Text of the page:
Will five breaks in one week be enough for Cameron and the Conservatives?
The final frenetic 24 hours of campaigning are kicking in before tomorrow’s elections here in the United Kingdom. And there is a tenuous yet palpable sense that momentum has shifted in favor of David Cameron and the Conservatives. Whether this late surge will be enough to overcome a hung parliament and produce a Tory governing ...
The final frenetic 24 hours of campaigning are kicking in before tomorrow's elections here in the United Kingdom. And there is a tenuous yet palpable sense that momentum has shifted in favor of David Cameron and the Conservatives. Whether this late surge will be enough to overcome a hung parliament and produce a Tory governing majority remains anyone's guess.
The final frenetic 24 hours of campaigning are kicking in before tomorrow’s elections here in the United Kingdom. And there is a tenuous yet palpable sense that momentum has shifted in favor of David Cameron and the Conservatives. Whether this late surge will be enough to overcome a hung parliament and produce a Tory governing majority remains anyone’s guess.
Five factors all broke in the Conservatives’ favor over the past week. First, the feckless Gordon Brown made his open microphone "bigoted" voter gaffe — and in one fell swoop further demoralized his Labour base while reinforcing the concerns of undecided voters that he is just another calculating politician whose public pandering belies a private condescension towards the populace. Second, Cameron acquitted himself well and by most accounts won the third (and most important) television debate. Third, because Brown’s "oops, is this mic on?" moment highlighted voter concerns over unchecked immigration, it also shined an unfavorable spotlight on the Liberal Democrat platform’s support for an immigration amnesty — just when Nick Clegg’s burst of fame was starting to lose its luster. (And you know you have an immigration problem when even immigrants themselves are complaining about excessive immigration). Fourth, already leading with their chin on immigration, the LibDems took another punch courtesy of the week’s headlines about Greece’s economic travails. The LibDem platform’s support for Britain joining the Eurozone, already unpopular, looks even less appealing to voters reading about a 110 billion euro bailout of the profligate Greeks. Fifth, the Tories enjoyed almost a clean sweep in media endorsements, which still carry a lot of weight here. Besides the expected support of the Telegraph, the Sun, and the Daily Mail, the Conservatives picked up some pleasant surprises in backing from the Times, Financial Times, Daily Express, and the Economist.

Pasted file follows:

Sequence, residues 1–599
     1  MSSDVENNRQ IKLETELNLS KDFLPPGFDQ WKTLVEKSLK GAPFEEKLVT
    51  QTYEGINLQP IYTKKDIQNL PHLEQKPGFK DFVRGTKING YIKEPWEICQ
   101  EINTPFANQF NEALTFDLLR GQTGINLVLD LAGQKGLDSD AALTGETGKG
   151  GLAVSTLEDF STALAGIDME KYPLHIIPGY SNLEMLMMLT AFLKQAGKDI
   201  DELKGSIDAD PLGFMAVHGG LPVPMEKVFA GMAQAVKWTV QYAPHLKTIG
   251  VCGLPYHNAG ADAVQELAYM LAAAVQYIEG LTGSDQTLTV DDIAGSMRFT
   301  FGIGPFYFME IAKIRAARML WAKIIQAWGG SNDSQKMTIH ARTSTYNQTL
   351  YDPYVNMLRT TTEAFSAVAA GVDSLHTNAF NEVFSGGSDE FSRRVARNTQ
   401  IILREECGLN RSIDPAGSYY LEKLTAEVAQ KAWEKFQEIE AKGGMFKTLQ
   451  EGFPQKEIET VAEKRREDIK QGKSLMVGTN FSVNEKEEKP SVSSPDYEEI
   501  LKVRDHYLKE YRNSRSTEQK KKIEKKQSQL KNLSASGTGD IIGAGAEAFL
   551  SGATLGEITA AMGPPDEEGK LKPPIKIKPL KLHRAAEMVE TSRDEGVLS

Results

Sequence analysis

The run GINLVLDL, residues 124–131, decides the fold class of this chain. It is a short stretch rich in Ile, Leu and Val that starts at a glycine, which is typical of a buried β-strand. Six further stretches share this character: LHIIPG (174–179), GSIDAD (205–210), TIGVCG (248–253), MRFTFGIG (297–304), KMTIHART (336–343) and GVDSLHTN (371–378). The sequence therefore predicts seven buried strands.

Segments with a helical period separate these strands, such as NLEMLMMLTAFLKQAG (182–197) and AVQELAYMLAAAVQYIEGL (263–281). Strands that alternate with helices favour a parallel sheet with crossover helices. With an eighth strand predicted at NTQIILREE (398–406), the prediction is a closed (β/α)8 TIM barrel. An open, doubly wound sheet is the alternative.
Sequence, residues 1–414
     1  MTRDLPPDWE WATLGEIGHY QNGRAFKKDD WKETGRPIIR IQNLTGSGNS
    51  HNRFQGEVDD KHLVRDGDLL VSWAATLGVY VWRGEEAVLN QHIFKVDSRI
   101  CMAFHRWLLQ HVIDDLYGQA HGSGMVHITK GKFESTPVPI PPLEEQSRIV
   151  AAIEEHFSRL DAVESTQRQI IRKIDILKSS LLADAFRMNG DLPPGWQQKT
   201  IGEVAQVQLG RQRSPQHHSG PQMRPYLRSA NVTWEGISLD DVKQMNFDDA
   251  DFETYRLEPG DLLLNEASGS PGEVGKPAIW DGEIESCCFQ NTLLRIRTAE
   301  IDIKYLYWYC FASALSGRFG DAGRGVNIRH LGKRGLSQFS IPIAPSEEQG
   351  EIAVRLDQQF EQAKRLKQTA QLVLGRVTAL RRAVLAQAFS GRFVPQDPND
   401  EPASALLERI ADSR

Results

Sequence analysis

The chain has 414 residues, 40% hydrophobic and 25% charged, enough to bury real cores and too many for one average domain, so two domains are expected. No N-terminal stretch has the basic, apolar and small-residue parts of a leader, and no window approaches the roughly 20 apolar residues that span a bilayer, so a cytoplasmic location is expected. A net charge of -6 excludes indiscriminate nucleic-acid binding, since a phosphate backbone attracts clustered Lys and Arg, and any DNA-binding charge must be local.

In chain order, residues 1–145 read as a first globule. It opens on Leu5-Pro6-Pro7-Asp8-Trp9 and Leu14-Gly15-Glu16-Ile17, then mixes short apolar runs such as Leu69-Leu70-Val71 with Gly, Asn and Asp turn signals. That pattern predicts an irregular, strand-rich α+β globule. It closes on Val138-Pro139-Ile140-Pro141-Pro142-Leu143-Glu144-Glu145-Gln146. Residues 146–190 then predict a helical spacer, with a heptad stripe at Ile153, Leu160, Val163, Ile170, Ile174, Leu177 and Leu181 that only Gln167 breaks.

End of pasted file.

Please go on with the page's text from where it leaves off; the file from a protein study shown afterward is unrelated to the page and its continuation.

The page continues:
The Economist is especially bracing on the dire state of the British economy:
But in this British election the overwhelming necessity of reforming the public sector stands out. It is not just that the budget deficit is a terrifying 11.6% of GDP, a figure that makes tax rises and spending cuts inevitable. Government now accounts for over half the economy, rising to 70% in Northern Ireland. For Britain to thrive, this liberty-destroying Leviathan has to be tackled. The Conservatives, for all their shortcomings, are keenest to do that; and that is the main reason why we would cast our vote for them.
As my colleague Alan McCormick points out in today’s Wall Street Journal Europe, the UK’s only prospect for a sustainable economic recovery will come from empowering private sector entrepreneurs, not further expansion of government. And it is here that prospects of a hung parliament — and its accompanying gridlock, credit rating downgrades, weakened pound, and stagnation on economic reform — may have chastened voters into staying with the Tories rather than flirting with a protest vote for the LibDems. Sometimes wishing "a pox on all their houses" can bring, well, a pox on all houses including one’s own.
Yet even with these five favorable breaks, polls are still tight and the Conservatives may not run the tables they need in enough marginal seats to snag a majority. Thursday night will be a very late night indeed as the UK, and the world, watches the returns come in.
Will Inboden is the executive director of the Clements Center for National Security and an associate professor at the LBJ School of Public Affairs, both at the University of Texas at Austin, a distinguished scholar at the Robert S. Strauss Center for International Security and Law, and the author of The Peacemaker: Ronald Reagan, the Cold War, and the World on the Brink.
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